Tuesday, July 28, 2009

planting trees

As you might recall from my previous post, there’s a whole big section of Bangkok not far from where we live that’s all green and jungley still. I enjoy bike riding there, and trading the noise and tumult of big bad city-living for the sensory cacophony of birdsongs, green and textured plants, winding pathways, eddying waters, and fresh breezes.

I’m not the only one to notice the green plants and fresh breezes part: the area acts as a lung and liver for the poisons of the city, filtering out at least some of the pollution in the air and water. In order to further this cleansing, a young Thai woman (who’s also a student at Phillip Exeter Academy in NH) has founded The Giving Greens, an organization that buys green lands in order to protect them from development, runs nurseries to provide native plants to further propagate the greenness, and educates and encourages local residents to plant more trees.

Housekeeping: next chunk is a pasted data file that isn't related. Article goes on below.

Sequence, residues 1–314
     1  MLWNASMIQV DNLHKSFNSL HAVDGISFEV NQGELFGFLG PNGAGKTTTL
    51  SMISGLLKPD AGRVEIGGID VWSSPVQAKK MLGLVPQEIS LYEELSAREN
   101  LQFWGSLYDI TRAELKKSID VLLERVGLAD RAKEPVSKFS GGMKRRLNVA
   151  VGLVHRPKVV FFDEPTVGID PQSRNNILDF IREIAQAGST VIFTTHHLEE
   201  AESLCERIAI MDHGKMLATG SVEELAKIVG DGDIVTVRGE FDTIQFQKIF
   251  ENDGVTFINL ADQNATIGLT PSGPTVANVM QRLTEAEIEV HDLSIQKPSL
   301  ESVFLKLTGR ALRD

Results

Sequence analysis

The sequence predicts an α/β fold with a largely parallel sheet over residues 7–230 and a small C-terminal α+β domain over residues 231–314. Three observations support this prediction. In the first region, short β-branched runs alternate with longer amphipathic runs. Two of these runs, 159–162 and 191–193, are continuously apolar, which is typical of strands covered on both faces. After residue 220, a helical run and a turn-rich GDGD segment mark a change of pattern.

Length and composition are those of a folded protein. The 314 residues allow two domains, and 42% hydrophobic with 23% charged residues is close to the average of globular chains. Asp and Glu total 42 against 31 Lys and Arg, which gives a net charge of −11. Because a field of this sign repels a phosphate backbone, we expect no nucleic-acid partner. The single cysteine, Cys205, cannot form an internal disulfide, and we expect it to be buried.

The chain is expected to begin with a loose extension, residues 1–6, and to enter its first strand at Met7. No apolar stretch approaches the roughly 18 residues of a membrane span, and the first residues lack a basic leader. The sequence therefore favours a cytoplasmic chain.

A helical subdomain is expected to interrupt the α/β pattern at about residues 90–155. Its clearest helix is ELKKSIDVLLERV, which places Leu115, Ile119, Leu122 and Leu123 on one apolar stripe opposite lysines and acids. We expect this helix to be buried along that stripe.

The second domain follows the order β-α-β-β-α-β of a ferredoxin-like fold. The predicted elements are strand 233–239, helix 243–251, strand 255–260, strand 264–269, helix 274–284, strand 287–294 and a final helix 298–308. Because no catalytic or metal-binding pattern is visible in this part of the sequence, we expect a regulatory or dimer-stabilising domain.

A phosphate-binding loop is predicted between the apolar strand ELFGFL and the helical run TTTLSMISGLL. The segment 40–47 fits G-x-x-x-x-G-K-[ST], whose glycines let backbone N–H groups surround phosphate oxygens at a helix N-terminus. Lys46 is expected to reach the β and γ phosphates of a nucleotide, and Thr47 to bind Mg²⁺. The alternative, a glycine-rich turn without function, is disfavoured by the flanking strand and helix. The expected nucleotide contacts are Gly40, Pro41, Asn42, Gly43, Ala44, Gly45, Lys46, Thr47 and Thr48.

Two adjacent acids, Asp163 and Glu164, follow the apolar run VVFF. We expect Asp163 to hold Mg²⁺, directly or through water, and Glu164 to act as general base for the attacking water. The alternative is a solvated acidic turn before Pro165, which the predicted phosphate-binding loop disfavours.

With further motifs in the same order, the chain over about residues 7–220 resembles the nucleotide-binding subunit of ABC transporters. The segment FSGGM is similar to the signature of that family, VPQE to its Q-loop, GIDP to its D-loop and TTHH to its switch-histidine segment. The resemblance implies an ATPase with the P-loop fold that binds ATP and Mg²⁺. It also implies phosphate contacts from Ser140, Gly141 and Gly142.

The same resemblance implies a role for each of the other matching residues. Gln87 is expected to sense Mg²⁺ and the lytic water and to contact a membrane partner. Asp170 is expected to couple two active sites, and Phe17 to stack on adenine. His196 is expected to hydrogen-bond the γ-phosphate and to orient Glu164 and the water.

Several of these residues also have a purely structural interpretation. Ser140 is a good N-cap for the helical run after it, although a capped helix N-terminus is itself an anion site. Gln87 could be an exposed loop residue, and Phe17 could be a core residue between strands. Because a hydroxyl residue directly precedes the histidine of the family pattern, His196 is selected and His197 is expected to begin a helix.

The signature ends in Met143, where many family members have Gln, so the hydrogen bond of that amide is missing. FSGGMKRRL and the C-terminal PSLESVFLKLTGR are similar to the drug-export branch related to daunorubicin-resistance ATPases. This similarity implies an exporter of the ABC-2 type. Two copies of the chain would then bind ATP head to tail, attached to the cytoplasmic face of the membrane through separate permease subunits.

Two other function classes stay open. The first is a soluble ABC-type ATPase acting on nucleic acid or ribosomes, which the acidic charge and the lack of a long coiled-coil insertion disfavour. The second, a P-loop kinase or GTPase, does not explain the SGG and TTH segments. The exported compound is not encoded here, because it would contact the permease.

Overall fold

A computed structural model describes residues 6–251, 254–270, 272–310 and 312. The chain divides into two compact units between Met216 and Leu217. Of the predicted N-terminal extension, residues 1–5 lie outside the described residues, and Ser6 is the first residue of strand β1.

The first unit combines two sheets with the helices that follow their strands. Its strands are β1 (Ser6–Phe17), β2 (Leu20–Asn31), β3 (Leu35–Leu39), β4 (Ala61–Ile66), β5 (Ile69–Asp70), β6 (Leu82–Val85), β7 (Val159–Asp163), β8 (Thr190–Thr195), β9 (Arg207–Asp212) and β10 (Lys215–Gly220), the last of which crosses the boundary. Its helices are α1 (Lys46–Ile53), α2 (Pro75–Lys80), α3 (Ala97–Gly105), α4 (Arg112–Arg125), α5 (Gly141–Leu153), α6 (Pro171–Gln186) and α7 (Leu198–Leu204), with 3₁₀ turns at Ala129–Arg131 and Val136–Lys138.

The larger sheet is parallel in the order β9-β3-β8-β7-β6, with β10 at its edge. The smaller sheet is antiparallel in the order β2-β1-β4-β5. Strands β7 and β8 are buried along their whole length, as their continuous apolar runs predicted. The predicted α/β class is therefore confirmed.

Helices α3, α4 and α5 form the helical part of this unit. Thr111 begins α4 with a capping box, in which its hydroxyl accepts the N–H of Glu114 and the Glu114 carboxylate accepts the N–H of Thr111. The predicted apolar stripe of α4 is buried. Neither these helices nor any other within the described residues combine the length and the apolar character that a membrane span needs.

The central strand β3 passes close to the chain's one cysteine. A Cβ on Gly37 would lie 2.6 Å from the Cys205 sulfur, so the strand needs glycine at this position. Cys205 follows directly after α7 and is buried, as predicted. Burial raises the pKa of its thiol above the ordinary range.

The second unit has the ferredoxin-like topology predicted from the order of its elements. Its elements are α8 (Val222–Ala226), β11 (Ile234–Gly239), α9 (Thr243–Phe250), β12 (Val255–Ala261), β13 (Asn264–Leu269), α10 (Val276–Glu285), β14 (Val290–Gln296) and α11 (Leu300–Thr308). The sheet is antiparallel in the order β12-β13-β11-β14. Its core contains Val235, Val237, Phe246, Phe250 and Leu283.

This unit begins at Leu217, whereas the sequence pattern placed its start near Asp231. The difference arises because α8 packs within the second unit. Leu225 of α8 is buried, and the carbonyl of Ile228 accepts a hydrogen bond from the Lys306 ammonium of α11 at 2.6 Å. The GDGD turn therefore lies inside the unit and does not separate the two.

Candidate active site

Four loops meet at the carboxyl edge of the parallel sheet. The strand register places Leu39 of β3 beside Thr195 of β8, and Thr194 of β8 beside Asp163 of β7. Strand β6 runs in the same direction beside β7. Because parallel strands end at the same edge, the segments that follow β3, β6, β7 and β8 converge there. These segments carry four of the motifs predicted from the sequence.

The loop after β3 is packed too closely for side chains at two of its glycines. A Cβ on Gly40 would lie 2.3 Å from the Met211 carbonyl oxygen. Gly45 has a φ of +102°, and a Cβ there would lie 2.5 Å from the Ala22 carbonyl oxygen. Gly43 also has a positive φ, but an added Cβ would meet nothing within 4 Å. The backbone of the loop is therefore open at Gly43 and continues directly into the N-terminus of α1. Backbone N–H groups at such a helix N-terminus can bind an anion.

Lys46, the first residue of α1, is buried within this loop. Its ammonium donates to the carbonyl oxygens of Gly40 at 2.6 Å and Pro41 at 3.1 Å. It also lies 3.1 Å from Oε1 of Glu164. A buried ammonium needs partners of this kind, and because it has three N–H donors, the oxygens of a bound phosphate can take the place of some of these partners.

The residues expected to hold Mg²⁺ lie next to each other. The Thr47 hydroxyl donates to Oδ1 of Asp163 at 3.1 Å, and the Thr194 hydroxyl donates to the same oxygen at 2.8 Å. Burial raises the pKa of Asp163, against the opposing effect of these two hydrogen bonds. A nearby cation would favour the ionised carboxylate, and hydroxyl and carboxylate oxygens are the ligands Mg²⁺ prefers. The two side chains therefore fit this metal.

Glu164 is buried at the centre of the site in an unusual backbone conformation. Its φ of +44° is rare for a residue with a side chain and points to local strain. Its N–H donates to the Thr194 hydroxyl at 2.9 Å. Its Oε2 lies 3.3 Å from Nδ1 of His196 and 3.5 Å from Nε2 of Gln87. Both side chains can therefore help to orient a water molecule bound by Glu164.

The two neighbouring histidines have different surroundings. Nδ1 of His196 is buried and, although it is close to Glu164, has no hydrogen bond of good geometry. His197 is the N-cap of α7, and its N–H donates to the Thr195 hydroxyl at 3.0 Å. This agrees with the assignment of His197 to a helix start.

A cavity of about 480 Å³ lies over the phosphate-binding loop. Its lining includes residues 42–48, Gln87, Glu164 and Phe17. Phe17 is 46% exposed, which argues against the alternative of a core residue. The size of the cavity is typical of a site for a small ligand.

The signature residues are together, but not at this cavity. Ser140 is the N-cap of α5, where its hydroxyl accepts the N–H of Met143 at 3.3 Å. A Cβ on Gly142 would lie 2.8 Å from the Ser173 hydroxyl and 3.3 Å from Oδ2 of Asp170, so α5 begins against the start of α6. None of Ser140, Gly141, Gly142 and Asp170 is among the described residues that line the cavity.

This weekend, invited by an Australian in the know, we went to one of their tree-planting days. It was super-fun: we planted something like 1,000 trees, extending the green border just a little further into the city. The planting was muddy and very satisfying work, made easy by the pre-dug holes. The excellently-organized event also included charming dancing by the schoolkids resident in the green area, a feast of superb local food, free awesome t-shirts, and a great group bike-ride to the local floating market. Couldn’t really ask for more: I almost felt like I was getting away with something, not working hard enough and having too much fun.

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